Big greedy business is a great place to look when closing budget gaps. After all businesses are not owned by people right? They don’t have the potential to create jobs… do they? They don’t already employ those who are still in work do they? Ok so there are many people in the government sector that have jobs too, so not all jobs are created by private business. The difference is that private industry creates jobs after creating revenue to support the jobs and then grow to create more jobs. Government expansion means increased taxes to sustain increase jobs and other spending, which comes from you and me.

So how do we create jobs, we can’t simply attack the symptom of no jobs. That seems to drive us to a vicious cycle. But we can create a more stable and predictable business environment. Lower taxes and other inflated expenses (Gas Prices are a nice place to start) and a business might also have more cash to sustain additional employees. The problem isn’t always that we do not have enough work at a company; it is often the ability to sustain the employment. No decent employer wants to lay people off, so if they don’t see long term sustainability/stability they may not hire. If overall costs of living decrease, then employees can afford to work for less which brings down overhead and someone else’s costs of living. I know no one wants to work for less, but I don’t mean taking pay cuts, I am talking about not “NEEDING” enough money to sustain exorbitant expenses like gas prices and health insurance.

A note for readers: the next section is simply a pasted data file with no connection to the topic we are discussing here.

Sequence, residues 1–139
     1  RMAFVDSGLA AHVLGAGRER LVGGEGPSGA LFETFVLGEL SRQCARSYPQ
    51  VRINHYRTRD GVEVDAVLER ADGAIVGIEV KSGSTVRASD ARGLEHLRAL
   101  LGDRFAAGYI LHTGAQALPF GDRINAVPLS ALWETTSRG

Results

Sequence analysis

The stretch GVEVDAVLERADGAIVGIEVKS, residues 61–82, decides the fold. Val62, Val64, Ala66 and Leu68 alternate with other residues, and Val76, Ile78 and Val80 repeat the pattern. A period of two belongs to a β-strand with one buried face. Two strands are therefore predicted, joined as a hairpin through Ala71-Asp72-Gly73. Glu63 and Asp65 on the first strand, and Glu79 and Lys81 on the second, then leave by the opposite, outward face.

Some industries are more directly affected by this with increased shipping expenses. Others are indirectly affected by industries passing these increased costs onto its customers.

A couple weeks ago our blog talked about how “Green Living” just makes sense from a household budget point of view. If you learn to live smarter and save where you can, you keep more money. If you don’t have money stresses, you don’t need to don’t need to demand more from your employer (or from your business if you own one). This helps the company to have better economic sustainability over time and you can afford to work there. This can be done at any income level too, everyone can benefit from keeping more of what you make.

So the symptom we see is unemployment, the short term band-aid is creating temporary jobs so it looks like employment is happening. Other short term fixes were tax rebates for employers who hired new employees. This helps lighten the overhead on a new employee, but it’s not a permanent fix. Another short term fix is throwing money at states for infrastructure work. Though every state has plenty of work like this to go around, any benefit is short term because soon either the project finishes or the money runs out. Now we just delayed the inevitable and need to lay off workers again.

We can look at many issues we face today with a cause and effect mentality. Addressing a symptom isn’t always solving the problem because the root cause is often not addressed. My goal here wasn’t to solve unemployment but to explain the complexities of our symbiotic society and how addressing one issue incorrectly can affect many others in unseen ways.

What are your thoughts on the symptom/cause problem solving process? How about unemployment or other issues we face today? If you have a suggestion for a blog that you want us to address, let us know.